That evening we had visitors. For this was the evening of "The Meeting at the Summit". The visitors were Walt and Madeleine Willis and Ken and Pamela Bulmer. This group, plus our quartet, made a jolly combined meeting of eight. The meeting was Ken's baby, and he had planned this so-called "Meeting at the Summit" to be somewhat different than what it finally materialized as. Ken's original plan was to have a meeting at the Loncon of himself, Walt and me. Ken had suggested that I invite several people who shared my opinions anent TAFF to attend. (He suggested Moskowitz and Ackerman.) This was so I wouldn't feel completely outnumbered in any TAFF discussion. However, plans of mice and men gang aft agley - and the meeting did not occur at the Loncon.

It was obvious from the start that the meeting would be a success, as everyone was happy and glowing and in compromising moods. The various facets of TAFF were hashed over, such as who may vote, who may be nominated, and who is a fan. My fading memory indicates that Joy and Vince were rather neutral about the whole thing, with Walt and me expressing somewhat conflicting views at times. In general, Walt's definition of an S-F fan was far more rigid than mine. Walt wanted to limit the voting to fanzine fans, publishers, and/or writers - while I wanted to include anyone who was interested enough in science fiction to communicate with others in some manner, be it correspondence, attending conventions, or joining local fan clubs. A compromise was reached whereby members of fan organisations of all types would be eligible; also eligible would be anyone who had subscribed to a fanzine. I felt these concessions were fair, and was fully satisfied.

Those of you who do not know Walt personally would find him to be a very enjoyable person - even though you might not agree with him at times. Walt is tall, handsome and seems to have a determined glare in his eyes, a glare which appears to give one the impression that this young man has a mission in life. His mission that evening was to keep TAFF from going to the dogs - ooops - convention fans and, I suppose, he knew that I represented a science fiction fandom much larger and more inclusive than fanzine fandom. Anyway, after much friendly discussion, a blueprint for TAFF was drawn up and agreed to. This blueprint was written up and published by Ken Bulmer in his OMPAzine, STEAM.


The convention was now over but there was still one final event to go. At some point during this day, the SF Luncheon Club (which was initially composed of John Wyndham, Frank Cooper, Ken Chapman and Les Flood) held a restaurant lunch at the Criterion Club in London's Piccadilly. This was a private affair not open to the general membership of the convention or officially associated with it whose purpose was to present the International Fantasy Award for Best Novel of 1956 to J.R.R. Tolkien for his then just completed LORD OF THE RINGS trilogy. This had been voted the winner by an international panel of judges which included Forrest J Ackerman, Anthony Boucher, P. Schuyler Miller, Ted Carnell, and August Derleth. Tolkien did not attend the Worldcon itself, but he was talked into attending the luncheon. As Les Flood later recalled:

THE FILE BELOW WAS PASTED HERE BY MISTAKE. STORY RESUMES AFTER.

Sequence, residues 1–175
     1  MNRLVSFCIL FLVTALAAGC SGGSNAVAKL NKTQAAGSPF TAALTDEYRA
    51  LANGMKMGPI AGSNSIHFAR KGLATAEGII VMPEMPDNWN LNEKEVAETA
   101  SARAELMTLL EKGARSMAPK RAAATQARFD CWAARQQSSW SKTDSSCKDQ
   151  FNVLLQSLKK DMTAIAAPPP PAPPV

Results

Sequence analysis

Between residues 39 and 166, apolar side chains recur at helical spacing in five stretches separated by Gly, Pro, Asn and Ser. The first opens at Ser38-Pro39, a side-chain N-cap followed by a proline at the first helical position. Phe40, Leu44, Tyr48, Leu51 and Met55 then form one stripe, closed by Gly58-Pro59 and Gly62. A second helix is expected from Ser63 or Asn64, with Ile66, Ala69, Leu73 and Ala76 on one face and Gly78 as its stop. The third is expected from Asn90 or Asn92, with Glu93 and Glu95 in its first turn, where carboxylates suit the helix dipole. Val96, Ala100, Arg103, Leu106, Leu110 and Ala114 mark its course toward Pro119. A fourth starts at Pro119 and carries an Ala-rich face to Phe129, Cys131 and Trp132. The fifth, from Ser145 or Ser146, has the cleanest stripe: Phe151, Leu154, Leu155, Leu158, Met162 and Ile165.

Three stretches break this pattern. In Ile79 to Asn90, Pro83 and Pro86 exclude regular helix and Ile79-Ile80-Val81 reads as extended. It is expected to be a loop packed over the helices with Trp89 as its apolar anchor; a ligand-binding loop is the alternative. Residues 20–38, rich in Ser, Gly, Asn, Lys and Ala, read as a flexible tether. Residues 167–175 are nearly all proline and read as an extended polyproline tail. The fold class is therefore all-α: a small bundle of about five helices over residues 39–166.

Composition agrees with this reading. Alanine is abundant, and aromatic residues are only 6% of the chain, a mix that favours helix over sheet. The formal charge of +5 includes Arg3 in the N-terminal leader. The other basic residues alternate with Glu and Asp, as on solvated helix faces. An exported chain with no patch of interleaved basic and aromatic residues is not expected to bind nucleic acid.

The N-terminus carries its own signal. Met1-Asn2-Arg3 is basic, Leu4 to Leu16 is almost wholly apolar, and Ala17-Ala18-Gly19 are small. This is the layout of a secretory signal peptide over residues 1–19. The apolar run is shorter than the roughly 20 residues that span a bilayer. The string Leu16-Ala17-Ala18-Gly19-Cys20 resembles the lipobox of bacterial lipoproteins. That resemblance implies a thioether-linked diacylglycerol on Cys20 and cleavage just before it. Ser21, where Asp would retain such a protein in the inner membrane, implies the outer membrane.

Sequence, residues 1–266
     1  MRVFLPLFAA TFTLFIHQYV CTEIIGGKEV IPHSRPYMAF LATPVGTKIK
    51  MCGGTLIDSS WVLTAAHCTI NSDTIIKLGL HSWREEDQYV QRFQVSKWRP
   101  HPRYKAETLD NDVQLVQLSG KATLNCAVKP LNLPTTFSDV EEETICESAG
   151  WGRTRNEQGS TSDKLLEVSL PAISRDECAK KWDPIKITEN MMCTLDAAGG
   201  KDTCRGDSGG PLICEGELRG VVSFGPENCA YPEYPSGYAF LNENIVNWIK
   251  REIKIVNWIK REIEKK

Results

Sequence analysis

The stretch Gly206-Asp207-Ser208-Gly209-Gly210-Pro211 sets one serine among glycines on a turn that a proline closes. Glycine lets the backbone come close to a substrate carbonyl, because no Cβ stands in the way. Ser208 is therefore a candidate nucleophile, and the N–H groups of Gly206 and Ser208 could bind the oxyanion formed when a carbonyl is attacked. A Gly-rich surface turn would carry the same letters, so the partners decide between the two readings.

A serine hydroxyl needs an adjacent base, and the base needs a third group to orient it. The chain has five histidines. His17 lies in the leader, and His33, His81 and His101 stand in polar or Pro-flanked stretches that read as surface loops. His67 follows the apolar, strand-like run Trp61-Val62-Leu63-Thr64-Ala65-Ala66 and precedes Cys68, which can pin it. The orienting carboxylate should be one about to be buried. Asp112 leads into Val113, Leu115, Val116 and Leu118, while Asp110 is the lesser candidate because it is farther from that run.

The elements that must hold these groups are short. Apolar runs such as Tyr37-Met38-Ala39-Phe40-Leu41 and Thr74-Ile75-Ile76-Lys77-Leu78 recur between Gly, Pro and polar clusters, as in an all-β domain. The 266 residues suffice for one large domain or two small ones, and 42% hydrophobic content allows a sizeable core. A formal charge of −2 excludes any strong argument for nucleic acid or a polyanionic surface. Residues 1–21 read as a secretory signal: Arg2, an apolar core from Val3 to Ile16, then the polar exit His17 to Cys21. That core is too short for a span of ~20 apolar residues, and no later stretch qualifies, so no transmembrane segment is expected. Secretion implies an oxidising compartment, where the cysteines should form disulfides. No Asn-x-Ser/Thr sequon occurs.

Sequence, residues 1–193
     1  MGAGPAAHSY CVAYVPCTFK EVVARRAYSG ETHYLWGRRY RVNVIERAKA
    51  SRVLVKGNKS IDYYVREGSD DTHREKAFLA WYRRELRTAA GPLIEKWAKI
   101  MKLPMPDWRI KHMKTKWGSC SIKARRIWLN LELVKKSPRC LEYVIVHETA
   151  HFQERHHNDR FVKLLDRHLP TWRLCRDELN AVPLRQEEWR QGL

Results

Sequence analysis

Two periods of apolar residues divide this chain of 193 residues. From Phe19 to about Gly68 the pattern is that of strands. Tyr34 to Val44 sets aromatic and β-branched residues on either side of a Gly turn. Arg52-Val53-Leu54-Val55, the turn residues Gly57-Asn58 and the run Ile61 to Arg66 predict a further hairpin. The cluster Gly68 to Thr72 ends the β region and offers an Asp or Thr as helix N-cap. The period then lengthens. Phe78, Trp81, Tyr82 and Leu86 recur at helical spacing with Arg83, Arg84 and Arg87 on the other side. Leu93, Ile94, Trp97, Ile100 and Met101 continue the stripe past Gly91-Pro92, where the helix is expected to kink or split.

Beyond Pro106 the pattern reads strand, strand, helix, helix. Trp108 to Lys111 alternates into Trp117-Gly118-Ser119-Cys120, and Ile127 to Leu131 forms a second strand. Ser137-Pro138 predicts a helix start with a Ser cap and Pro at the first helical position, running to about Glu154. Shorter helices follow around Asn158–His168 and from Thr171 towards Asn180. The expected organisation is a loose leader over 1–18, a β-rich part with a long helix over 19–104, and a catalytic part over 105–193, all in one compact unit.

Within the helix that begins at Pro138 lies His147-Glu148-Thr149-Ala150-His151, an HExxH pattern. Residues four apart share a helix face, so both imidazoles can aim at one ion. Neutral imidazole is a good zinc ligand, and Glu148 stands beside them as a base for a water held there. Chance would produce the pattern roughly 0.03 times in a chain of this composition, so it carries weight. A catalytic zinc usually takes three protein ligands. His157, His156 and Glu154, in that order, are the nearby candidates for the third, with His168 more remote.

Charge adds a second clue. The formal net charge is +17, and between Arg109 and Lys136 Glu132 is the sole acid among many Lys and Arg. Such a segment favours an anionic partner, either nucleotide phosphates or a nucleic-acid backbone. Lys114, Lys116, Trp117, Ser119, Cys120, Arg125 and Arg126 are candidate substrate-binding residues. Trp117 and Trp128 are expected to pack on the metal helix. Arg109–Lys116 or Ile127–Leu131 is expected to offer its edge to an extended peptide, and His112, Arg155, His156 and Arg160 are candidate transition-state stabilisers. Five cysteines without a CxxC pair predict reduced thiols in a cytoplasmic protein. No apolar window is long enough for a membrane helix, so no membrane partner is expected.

Jumping ahead to 1956 (regrettably the last award) and to the point of this letter, the fiction winner was J.R.R. Tolkien, whose RETURN OF THE KING had just completed the trilogy at the beginning of the world-wide acclaim which followed. As I.F.A secretary I managed to convince C.S. Lewis, another Oxford don and not unknown for his own fantasy books, to cajole his great friend Tolkien (both great ale drinkers) to attend a celebratory luncheon we were giving in his honour.
It's also possible that Lewis's wife, Joy Davidman, had as much to do with this as Flood since she had once been part of the London Circle of SF fans and a Thursday night regular at the White Horse and the Globe (see Sam Youd's piece in RELAPSE #17).

Those known to be present at the luncheon included Flood, Carnell, Ackerman, Arthur C. Clarke, Tolkien's publisher Stanley Unwin, and Clemence Dane (aka Winifred Ashton) a playwright and novelist who in the mid-1950s edited a series of science fictional 'Novels of Tomorrow' (and who attended the final meeting at the White Horse before the London Circle moved to the Globe). It was she who apparently presented the award to Tolkien. Les Flood again:

Unfortunately there was no photographer present on this occasion but I relish the memory of the bemused expression on the distinguished man's face when receiving the spaceship... These were in the form of a pre-Strek style spaceship on a plinth with a cigarette-lighter (quite inappropriate really for some of the previous winning titles).
This particular year the metal IFA rocketships were used for both the IFA and the Hugos, the design of these being based - according to Ted Carnell - on the ship shown on the Bonestell cover for the Feb. 1951 issue of GALAXY. Carnell later recalled the luncheon in YANDRO #122 (March 1963, ed. Buck Coulson):

Tolkien, incidentally, protested quite strongly about receiving the award in 1957 and was not at all keen to travel to London to receive it. He did appear, however, and seemed completely vague as to what the whole thing was about and was only too pleased to retreat to his college and apparently forget all about the occasion.